Does one (or more) sizes larger than one's regular shoes sound reasonable? I seemed to have read somewhere that these boots are sized small. As it is, I feel as if my boots are almost as big as I am.

This is an individual situation I know, but does anyone have any suggestions?
 

k-fun

Active Member
Year of past OR future Camino
Camino Francés (2011), Camino Portugués (2013), Camino St. Jaume (2013)
I recommend you go by the feel of the shoe and not the size. I bought men's shoes because they are wider than women's shoes and wore them around for months. I bought them 1/2 size larger and carried thick, medium and light socks to accommodate the extra space and potential growth. Even so, about the 3-4th week on the Camino, my feet had grown so much in length and in width that my toes felt squished even with the lightest sock. I was starting to get blisters and my toes were crammed enough to cause an ingrown toe nail problem. I ended up walking the last part of the trip in hiking sandals.

I saw a lot of people with painful feet. I wish you well in your search for the ideal shoe.
 

Abbeydore

Veteran Member
k-fun said:
I recommend you go by the feel of the shoe and not the size. I bought men's shoes because they are wider than women's shoes and wore them around for months. I bought them 1/2 size larger and carried thick, medium and light socks to accommodate the extra space and potential growth. Even so, about the 3-4th week on the Camino, my feet had grown so much in length and in width that my toes felt squished even with the lightest sock. I was starting to get blisters and my toes were crammed enough to cause an ingrown toe nail problem. I ended up walking the last part of the trip in hiking sandals.

I saw a lot of people with painful feet. I wish you well in your search for the ideal shoe.

This why I think leather is better than fabric, because they might grow a little, more foregiving.
 

backpack45scb

Active Member
Year of past OR future Camino
2001 CF, 04-6 LP, 07 Port, 08-10 Arles, 11 Mozá,12-13 Gen-LP. 00-10 PCT, 15 Norte, 16 Primi
An additional suggestion to koby and almha. Whatever footwear you have, be very alert to how your feet feel. If something doesn't feel quite right, stop immediately and deal with it. In our case, we always have stretchy breathable tape on hand. One roll is two inches wide, the other maybe 3/4 inches. If a toe is tender use the smaller size to wrap around the toe. For bunions, use the large size and wrap it entirely around your foot. It usually stretches to fit, but if a spot might bunch up, use the scissors on your tiny swiss army knife to cut a wedge out of the tape to improve the fit. Sometimes it takes several layers.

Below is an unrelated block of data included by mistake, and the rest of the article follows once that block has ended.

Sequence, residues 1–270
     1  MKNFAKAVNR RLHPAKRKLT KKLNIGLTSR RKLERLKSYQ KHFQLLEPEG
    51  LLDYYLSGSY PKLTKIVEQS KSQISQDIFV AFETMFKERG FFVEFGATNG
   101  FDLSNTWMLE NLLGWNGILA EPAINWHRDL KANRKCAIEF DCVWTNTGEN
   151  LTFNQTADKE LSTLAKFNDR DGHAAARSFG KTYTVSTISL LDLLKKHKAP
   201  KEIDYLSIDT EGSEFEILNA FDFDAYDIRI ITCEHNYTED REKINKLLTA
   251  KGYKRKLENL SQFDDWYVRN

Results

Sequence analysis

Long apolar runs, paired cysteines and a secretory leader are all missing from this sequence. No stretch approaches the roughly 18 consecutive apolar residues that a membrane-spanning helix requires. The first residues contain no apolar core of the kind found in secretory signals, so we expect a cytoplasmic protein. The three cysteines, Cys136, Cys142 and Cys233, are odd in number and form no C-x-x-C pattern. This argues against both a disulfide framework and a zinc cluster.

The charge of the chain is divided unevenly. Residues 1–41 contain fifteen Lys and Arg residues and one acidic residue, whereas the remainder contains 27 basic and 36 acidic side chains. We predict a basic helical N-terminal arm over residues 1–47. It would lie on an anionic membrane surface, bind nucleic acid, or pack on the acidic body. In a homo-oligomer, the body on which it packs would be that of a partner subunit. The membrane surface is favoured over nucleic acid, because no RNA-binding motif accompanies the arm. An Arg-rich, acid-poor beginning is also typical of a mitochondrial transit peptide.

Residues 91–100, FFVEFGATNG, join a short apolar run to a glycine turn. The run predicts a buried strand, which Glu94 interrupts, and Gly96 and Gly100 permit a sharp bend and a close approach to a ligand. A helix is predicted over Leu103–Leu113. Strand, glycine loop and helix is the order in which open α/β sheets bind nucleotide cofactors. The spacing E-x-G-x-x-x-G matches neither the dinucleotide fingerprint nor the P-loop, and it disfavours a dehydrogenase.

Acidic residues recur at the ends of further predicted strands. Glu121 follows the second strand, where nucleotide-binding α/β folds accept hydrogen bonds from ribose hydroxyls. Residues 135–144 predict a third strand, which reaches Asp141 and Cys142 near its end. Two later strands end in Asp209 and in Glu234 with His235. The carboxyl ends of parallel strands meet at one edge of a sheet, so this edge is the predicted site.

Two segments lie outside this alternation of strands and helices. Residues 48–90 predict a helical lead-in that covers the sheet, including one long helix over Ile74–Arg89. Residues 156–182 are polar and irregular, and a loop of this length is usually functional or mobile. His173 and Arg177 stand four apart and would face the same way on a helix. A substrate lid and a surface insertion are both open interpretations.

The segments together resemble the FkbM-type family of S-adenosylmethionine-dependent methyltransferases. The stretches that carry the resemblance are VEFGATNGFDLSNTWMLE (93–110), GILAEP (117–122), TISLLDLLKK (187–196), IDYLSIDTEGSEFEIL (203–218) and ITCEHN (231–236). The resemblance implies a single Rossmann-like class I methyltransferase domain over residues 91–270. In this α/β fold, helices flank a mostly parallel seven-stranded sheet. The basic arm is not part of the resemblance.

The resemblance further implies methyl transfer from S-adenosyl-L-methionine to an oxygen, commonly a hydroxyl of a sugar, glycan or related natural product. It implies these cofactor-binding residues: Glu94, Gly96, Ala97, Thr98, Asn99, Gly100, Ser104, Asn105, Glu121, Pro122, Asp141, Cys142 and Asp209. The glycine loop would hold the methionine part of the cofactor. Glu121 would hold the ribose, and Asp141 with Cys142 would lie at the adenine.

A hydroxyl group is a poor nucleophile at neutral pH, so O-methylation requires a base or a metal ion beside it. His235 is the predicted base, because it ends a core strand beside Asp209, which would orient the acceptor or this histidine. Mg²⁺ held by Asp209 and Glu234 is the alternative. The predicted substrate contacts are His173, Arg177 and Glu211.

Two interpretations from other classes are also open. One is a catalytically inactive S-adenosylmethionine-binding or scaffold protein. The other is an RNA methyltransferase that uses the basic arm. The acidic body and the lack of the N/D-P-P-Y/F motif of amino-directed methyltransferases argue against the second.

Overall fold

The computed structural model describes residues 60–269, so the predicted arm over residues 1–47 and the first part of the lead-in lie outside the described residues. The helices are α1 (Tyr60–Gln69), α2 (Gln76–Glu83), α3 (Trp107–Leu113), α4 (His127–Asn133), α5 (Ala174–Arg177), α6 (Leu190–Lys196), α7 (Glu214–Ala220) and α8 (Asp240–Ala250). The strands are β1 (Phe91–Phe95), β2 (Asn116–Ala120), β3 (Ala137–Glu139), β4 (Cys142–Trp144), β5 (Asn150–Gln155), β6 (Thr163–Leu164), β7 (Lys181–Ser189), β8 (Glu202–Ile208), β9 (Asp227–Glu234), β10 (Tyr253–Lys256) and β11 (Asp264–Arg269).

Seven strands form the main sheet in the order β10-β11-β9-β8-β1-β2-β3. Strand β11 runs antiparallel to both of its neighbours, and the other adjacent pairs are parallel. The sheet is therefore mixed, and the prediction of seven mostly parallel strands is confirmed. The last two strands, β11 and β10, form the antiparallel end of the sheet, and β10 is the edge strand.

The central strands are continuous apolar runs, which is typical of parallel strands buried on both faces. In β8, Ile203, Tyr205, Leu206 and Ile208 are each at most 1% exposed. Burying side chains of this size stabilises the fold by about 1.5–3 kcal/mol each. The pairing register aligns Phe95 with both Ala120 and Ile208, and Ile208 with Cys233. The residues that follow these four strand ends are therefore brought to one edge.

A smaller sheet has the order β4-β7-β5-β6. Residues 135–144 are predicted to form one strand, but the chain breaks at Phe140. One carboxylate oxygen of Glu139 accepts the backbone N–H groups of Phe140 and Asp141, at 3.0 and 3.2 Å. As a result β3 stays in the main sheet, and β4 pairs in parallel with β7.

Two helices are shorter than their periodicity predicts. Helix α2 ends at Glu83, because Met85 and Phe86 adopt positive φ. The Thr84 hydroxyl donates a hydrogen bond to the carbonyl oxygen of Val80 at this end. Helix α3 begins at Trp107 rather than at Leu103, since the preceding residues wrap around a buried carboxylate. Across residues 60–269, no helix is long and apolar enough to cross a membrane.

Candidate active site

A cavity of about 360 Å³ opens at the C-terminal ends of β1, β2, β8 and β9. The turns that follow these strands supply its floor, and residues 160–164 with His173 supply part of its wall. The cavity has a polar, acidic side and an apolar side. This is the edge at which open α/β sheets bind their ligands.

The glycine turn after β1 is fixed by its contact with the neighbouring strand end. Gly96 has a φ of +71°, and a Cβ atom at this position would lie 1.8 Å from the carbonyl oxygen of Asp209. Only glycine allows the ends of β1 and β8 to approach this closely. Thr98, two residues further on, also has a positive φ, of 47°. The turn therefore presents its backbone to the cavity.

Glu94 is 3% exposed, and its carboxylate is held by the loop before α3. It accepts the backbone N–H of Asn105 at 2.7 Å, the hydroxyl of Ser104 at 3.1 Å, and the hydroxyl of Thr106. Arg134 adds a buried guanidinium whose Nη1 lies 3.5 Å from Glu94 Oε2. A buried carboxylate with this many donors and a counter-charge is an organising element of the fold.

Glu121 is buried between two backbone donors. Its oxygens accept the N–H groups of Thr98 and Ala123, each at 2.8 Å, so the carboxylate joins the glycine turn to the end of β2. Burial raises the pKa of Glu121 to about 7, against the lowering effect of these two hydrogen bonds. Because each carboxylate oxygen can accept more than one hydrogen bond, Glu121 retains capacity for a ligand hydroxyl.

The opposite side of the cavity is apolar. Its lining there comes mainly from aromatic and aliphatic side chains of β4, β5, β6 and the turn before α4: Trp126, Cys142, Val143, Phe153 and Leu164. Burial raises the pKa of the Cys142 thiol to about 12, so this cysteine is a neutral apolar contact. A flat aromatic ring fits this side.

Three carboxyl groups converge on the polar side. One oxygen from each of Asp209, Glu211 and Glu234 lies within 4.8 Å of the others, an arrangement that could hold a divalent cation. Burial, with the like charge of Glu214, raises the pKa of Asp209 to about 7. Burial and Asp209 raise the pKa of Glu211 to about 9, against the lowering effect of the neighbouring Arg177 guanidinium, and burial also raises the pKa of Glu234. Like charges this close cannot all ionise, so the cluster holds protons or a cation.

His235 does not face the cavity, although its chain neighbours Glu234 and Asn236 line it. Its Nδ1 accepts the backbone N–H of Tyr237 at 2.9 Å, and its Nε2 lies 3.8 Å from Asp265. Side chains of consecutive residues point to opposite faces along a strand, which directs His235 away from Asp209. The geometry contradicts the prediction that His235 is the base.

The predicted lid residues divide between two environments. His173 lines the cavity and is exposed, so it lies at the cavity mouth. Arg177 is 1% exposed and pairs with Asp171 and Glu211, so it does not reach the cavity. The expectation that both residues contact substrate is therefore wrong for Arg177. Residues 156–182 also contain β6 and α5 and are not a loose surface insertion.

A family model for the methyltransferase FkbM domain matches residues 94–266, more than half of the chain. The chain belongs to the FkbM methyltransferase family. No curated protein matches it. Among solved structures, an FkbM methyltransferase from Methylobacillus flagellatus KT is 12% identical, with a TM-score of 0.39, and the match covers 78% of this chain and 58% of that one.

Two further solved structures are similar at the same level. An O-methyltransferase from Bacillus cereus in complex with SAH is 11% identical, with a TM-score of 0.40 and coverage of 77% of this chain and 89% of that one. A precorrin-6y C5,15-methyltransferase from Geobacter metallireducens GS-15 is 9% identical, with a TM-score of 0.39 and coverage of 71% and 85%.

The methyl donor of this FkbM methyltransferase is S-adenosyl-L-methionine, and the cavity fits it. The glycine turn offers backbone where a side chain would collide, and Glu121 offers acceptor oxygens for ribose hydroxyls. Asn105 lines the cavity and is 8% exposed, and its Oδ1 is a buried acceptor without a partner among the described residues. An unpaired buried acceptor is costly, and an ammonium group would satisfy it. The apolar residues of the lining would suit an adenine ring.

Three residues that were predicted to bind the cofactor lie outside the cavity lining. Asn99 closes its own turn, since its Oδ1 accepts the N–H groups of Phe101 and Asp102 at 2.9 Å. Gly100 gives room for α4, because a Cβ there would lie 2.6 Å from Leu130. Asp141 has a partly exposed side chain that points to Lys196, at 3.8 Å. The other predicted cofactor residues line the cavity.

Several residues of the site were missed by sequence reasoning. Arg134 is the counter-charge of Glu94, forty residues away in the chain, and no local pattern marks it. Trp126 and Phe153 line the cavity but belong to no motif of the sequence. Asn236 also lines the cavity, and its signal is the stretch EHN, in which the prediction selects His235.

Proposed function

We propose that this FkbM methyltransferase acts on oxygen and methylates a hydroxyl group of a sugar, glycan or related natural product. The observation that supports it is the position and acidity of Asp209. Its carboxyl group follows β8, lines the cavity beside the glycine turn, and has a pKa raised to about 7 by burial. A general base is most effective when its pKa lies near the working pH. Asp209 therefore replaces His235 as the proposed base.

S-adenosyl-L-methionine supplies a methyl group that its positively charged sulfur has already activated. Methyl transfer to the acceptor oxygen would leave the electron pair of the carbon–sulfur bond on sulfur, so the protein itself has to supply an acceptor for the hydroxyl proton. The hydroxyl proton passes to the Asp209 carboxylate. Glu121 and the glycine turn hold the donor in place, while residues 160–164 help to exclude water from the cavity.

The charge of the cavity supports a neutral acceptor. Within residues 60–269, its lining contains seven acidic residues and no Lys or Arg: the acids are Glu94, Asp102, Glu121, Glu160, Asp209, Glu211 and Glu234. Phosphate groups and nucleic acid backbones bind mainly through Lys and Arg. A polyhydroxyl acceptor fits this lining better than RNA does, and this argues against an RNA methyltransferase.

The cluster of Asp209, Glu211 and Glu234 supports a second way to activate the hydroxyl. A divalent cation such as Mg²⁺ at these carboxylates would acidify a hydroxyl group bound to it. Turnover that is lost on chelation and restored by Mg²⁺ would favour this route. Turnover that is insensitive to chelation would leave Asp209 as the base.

If a woman, don't be hesitant to try a men's size for better fit, particularly if you have bunions. For the initial looseness of fit, carry several thickness of socks and start with something like a thick hiker and a liner. In a few weeks you may go to a light hiker and liner, or just a liner. One advantage of trail runners over boots is that they are more flexible and usually can be laced snugly to prevent heel slipping.

Miscellaneous hints. If you get runners, do not get Gortex. You want your feet to dry quickly when wet. Initially stop every couple of hours and take your shoes and socks off. If you lie down and elevate your feet they will feel even better.

koby said:
Yesterday I bought a pair of (returnable) Keen Targhee II Mid boots. They were so comfortable when I wore them at home for awhile. Today I worn them all day except when I was out and at the end of the afternoon wore them to find two hot spots: one on my bunion and one on the top of my big toe on the same foot.

........
 
Camino Maps
A collection of Camino Maps from the Camino Forum Store
Rent a house in Santiago (1 month minimum)
300m from the cathedral and around the corner from the fresh food market in Santiago. Perfect place to tele commute from (1GB symmetrical connection).

Bozzie

Continuing to walk my camino daily. Blessings!
Year of past OR future Camino
2012/2016
Hi,
Check out this website for tying your boots differently:
http://www.backpacker.com/skills-how-to ... position=5

Hi...
I've been told that sometimes tying your laces in another way will help relieve hots spots.
My boots are one half size bigger than I usually wear, but I agree that it the best fit for your feet is whatever feels best to you. Are you wearing sock liners and a good wool/synthetic sock?

Please check out the above website...you'll be surprised how it helps!

Good luck with the boots. Make sure you're comfortable as you don't want to walk while hurting!
Dee Anne
"Bozzie"